Setup Cisco ESA C170 / IronPort

Greetings experts,

Just wanted to check to see if anyone had an idea of how long it would be to setup a new Cisco ESA C170 / IronPort device to work with my existing Exchange 2013 environment for e-mail encryption.  This is to transfer health records and such, so it must be encrypted.  We use a hosted solution now, but it is many thousands of dollars a year to cover our entire organization.

Assume you would setup 10 accounts, outlook plug ins, a few policy rules and show me how to setup the rest of the accounts.  I would also assume a small 3 or 4 hour tutorial.  I am firewall technical, so I will be able to catch on quickly.

I have never setup an e-mail encryption device, and not sure what is involved.  I will be outsourcing it, but was looking for an idea on what I'm getting into.  Cisco guys are $200+ an hour in the city, so just want gather any info I can.

Thanks for your help,
Kacey FernSystem EngineerAsked:
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Dave HoweConnect With a Mentor Software and Hardware EngineerCommented:
It takes less than an hour, given the right information (although no doubt a consultant will expect you to book out an entire day) - I would suggest that, if you are going to buy one of these, have at least a stab at it yourself, it is not difficult and the steps are clearly outlined in the manuals.
If you *do* go with a consultant, then having the information needed already will drastically shorten the time needed to configure the device.

ok, from the top.

1) give the thing an IP home.
That sounds obvious enough, yes? well, no. usually, you have two interfaces, an "outside" which is used to send and receive from the internet and an "inside" which is used to talk to and from your exchange server.
This can be done though the web gui (the devices have a default IP, so you need to fiddle with your network and/or use a crossover cable for this method) or the console (need a serial port on a pc for that)

2) configure CRES
CRES subscription is a recurring charge from cisco, but is required for the default ironport encryption. your cisco account manager can help you with the paperwork for this.

3) Configure routing
You need to configure the "recipient access table" to allow it to recognise the domains you accept mail for, and where your exchange server is for inbound routing. If you want to prevalidate email addresses (usually a good idea) that will require ldap access to your exchange server or AD server's ldap port.  This is a good idea, as it lets the smtp engine reject incoming mail for fake addresses at the point the sending server attempts to send, saving on overhead.

4) Configure inbound email to go via the Ironport's outside interface
Simple changeover for your firewall usually,  may require some fiddling with mx records if you are currently using an external provider.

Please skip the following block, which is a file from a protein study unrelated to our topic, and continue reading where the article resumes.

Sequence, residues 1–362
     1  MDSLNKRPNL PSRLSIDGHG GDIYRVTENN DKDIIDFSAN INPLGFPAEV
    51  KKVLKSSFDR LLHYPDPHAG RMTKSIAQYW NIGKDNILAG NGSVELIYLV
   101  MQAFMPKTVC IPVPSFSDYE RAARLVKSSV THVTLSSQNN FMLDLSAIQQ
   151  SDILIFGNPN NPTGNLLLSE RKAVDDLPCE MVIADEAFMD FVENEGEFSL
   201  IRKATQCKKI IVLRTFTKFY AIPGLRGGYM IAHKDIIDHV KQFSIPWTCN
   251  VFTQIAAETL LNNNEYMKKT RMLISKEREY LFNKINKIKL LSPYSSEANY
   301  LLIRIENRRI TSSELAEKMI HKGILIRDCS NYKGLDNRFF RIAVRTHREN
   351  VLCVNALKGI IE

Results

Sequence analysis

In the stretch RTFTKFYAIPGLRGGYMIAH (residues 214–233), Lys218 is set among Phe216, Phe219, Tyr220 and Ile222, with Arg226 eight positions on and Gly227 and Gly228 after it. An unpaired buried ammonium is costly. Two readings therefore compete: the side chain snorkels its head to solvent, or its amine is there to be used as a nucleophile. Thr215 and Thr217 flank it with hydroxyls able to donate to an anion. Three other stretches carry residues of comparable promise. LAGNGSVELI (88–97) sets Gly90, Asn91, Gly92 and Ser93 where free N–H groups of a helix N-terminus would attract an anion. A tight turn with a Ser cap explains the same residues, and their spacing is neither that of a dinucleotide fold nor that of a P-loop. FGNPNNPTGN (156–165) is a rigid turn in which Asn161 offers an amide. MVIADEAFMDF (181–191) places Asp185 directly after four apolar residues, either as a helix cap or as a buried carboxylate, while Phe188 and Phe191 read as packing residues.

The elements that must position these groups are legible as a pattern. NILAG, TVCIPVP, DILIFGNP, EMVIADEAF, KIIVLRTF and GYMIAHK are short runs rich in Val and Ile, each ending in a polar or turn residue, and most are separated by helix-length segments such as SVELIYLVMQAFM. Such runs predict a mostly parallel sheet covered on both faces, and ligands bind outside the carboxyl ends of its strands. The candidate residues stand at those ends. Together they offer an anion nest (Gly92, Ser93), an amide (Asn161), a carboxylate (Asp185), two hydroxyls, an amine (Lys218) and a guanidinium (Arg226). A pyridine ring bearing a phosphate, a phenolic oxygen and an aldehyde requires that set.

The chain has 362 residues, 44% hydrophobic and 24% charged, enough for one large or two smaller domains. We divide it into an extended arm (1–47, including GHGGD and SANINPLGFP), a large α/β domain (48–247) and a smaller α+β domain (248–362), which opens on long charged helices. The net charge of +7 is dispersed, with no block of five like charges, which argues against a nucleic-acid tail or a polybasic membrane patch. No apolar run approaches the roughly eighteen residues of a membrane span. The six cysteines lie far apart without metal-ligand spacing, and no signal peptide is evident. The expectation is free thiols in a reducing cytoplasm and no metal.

5) configure outbound mail to go via the Ironport's inside interface
SMTP bridgehead smarthost setting in exchange.

6) configure encryption rules
Ironport doesn't encrypt stuff by default. you can configure it by adding a rule to the outbound rules table that says "if you see certain things, encrypt" - where certain things can include the email address of the sender (if you are limiting crypto to a smaller list than your entire email estate), recipient, words in the content, words in the subject, and so forth.
Here, we use the "sensitivity" option on the email, but also look for certain patterns in the subject line - any subjects with [Confidential] in the subject (for example) are encrypted.

Just so you have a chance to see what your manuals look like, I have attached the standard config one for ESA 7.5 below :)
Kacey FernSystem EngineerAuthor Commented:
Thank ya Dave..
I figured it would take less than a day to set this up.  My consultant quoted out 20 hours plus 4 hours for training at $230 an hr.  

Maybe I'll buy the device and see where I get, if I can't figure it out, I can always have them come in.

Dave HoweSoftware and Hardware EngineerCommented:
That's your best bet. note that the official training course for the device, which makes you a cisco certified expert on it (ok, you have to pass the exam afterwards as well :), runs for two days of 8 hours apiece...

It really isn't that hard, and most stuff can be done via the gui. if you want to do the python scripting, then that gets harder, but only a handful of my customers have ever needed that.
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Dave HoweSoftware and Hardware EngineerCommented:
Pity I don't live closer, I could beat that quote by a fair margin :P
Kacey FernSystem EngineerAuthor Commented:
I might give it a try.. do you have a blog or anything that I can check in with you?  I own an IT company in Manhatan, so I work with people remotely all the time.

Thanks again,
Dave HoweSoftware and Hardware EngineerCommented:
I am sorely neglecting my blog, although I post here fairly often :)
If you want to be able to touch base with me, probably my linkedin profile is going to be your easiest route -
Kacey FernSystem EngineerAuthor Commented:
Thank you for help, it is most appreciated.
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